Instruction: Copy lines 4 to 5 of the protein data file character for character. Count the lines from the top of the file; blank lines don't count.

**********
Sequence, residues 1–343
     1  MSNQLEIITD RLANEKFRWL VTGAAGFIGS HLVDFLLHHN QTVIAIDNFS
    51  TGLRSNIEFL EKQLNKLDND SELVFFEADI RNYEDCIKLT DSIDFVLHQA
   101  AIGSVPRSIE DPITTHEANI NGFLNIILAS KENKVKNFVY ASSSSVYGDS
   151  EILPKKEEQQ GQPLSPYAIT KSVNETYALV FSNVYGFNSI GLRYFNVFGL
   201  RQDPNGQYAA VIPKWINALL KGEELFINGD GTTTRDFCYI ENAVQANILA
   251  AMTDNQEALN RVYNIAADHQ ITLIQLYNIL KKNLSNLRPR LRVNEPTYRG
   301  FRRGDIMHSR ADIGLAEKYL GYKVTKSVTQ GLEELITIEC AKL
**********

   101  AIGSVPRSIE DPITTHEANI NGFLNIILAS KENKVKNFVY ASSSSVYGDS
   151  EILPKKEEQQ GQPLSPYAIT KSVNETYALV FSNVYGFNSI GLRYFNVFGL